Upgrading your vehicle is an exciting thought. The not-so-exciting part is figuring out what to do with your current car or truck. Taking a few key factors into consideration will help to take the worry out of your choice.
Know the going rate: Before you can know what is a good deal for a trade-in, you need to know the going rate for your current vehicle. Check out kbb.com to learn what your car or truck is selling for right now.
Bottom line dollars: In almost every case, you will be able to get more money by selling the car yourself. Compare what you learned online about the vehicle’s value with what you are being offered for trade-in.
Getting value quickly and easily: Selling a car on your own can take time. The payoff will usually be better, but it might take weeks to get your vehicle sold. If you are going to buy your next vehicle before you sell your current one, how long will you be able to afford two car payments?
Your next vehicle purchase: If you are going to be buying your next vehicle from a private seller, the idea of trading in your current vehicle is a moot point.
Current vehicle condition: Just because the listed value for your vehicle is $8,000 doesn’t mean that is what you are going to get. Your car or truck might need minor or even major work for you to get that price. Subtract these costs from what you anticipate you will be able to sell your vehicle for when comparing it to the trade-in offer.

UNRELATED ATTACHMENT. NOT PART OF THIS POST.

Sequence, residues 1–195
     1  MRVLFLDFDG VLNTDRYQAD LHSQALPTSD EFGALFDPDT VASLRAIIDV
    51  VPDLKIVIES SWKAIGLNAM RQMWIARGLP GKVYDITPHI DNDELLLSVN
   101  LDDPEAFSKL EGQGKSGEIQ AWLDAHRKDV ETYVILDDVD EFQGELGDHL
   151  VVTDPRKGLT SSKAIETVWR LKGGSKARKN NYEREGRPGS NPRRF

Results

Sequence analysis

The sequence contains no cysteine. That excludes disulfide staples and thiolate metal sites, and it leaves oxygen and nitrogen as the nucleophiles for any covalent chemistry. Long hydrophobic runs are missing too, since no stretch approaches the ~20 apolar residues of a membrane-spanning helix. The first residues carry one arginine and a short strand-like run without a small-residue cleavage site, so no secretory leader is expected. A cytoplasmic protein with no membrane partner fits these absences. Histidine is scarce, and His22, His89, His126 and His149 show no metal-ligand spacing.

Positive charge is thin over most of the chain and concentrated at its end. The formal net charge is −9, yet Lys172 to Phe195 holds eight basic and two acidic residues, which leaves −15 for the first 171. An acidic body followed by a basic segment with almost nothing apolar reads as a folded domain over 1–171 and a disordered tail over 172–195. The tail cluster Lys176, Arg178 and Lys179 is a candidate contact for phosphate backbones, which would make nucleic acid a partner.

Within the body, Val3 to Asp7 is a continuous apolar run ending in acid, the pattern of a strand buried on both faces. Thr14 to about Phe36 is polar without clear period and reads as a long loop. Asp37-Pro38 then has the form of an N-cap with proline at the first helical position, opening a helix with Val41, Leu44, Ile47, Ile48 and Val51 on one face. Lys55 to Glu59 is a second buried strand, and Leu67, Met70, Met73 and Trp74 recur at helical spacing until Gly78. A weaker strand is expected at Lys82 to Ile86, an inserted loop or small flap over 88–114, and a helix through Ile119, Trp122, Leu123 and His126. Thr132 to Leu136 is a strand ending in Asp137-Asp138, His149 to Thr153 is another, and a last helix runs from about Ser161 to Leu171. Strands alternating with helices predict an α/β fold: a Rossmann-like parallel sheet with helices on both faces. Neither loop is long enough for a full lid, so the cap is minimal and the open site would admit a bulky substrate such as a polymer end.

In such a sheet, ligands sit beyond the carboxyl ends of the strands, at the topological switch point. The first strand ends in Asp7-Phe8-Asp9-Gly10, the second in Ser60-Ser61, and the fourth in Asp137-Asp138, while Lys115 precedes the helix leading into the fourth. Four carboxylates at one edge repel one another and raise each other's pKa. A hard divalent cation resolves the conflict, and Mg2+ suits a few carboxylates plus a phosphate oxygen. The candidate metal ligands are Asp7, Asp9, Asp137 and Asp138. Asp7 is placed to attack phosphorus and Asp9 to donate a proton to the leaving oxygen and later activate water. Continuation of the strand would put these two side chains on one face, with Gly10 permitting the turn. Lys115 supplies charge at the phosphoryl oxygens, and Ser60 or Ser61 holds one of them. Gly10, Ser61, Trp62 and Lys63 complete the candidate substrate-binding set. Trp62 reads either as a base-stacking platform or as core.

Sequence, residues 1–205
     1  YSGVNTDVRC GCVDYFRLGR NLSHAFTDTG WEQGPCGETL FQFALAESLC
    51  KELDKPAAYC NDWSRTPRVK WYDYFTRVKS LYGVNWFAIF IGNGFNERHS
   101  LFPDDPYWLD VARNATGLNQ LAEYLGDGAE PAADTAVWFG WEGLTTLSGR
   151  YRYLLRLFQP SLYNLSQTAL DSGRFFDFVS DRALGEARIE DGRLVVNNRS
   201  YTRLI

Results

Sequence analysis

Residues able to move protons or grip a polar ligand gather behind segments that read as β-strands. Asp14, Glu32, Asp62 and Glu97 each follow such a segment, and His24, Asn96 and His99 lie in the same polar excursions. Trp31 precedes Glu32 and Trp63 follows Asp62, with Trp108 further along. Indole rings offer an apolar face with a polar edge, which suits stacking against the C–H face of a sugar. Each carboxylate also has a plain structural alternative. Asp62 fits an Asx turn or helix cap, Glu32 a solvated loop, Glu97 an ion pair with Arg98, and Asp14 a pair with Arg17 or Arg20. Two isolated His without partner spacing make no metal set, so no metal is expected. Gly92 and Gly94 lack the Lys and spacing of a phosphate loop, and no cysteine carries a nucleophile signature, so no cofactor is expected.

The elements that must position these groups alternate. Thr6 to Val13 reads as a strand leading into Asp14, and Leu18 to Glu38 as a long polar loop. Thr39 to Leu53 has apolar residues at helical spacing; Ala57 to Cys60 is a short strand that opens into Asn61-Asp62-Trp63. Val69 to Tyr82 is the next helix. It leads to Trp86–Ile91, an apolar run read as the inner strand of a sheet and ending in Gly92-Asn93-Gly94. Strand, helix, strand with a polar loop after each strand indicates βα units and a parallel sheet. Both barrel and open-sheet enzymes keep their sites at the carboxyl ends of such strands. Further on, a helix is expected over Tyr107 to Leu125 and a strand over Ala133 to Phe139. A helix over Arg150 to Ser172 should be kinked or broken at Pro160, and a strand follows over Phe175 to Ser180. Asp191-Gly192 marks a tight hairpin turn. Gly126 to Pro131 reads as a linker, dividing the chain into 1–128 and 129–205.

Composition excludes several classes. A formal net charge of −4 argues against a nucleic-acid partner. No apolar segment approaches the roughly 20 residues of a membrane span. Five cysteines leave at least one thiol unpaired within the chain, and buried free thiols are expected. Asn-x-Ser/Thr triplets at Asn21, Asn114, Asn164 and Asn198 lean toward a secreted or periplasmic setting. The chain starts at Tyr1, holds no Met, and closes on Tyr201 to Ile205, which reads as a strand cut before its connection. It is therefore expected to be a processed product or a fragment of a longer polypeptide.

Post-transaction issues: When you trade in a vehicle, the dealer has essentially said that they are accepting the car as-is. If you sell your vehicle privately, you need to be aware that the buyer may come back to you with complaints if problems arise. Legal issues could come about if the buyer is dissatisfied.
Possible tax benefits: Some states bestow tax advantages on people who trade in vehicles by only applying sales tax to the difference between the trade-in value and the sales price of the new vehicle you are buying. This out-of-pocket boost might help to make up the difference between the trade-in amount and the price you could get for the vehicle by selling it on your own.
Another option: Some dealers offer the choice of selling your car on consignment through them. Even after the dealer takes commission (usually no more than 10% of the sale price), you will likely still get a higher dollar value than you would by trading in the vehicle. Not all dealerships offer this, but it can be worth looking into if the option is present.
Car transaction will probably be among the biggest dollar amount deals you make in your personal financial life. Carefully weigh the pros and cons of the available options before you commit to one course of action.